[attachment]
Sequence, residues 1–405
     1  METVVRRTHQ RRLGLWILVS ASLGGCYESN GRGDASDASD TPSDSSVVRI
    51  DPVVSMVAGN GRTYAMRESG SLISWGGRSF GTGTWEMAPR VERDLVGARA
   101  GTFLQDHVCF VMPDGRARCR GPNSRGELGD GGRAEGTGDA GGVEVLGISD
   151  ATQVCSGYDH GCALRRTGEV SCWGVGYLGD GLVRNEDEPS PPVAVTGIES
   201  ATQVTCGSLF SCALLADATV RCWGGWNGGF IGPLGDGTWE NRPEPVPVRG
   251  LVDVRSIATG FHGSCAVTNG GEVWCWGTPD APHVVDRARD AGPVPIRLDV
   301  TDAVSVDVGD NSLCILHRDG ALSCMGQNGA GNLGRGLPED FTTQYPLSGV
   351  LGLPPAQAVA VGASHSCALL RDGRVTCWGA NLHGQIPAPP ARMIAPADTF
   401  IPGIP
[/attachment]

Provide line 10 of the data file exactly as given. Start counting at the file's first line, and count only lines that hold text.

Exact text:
   401  IPGIP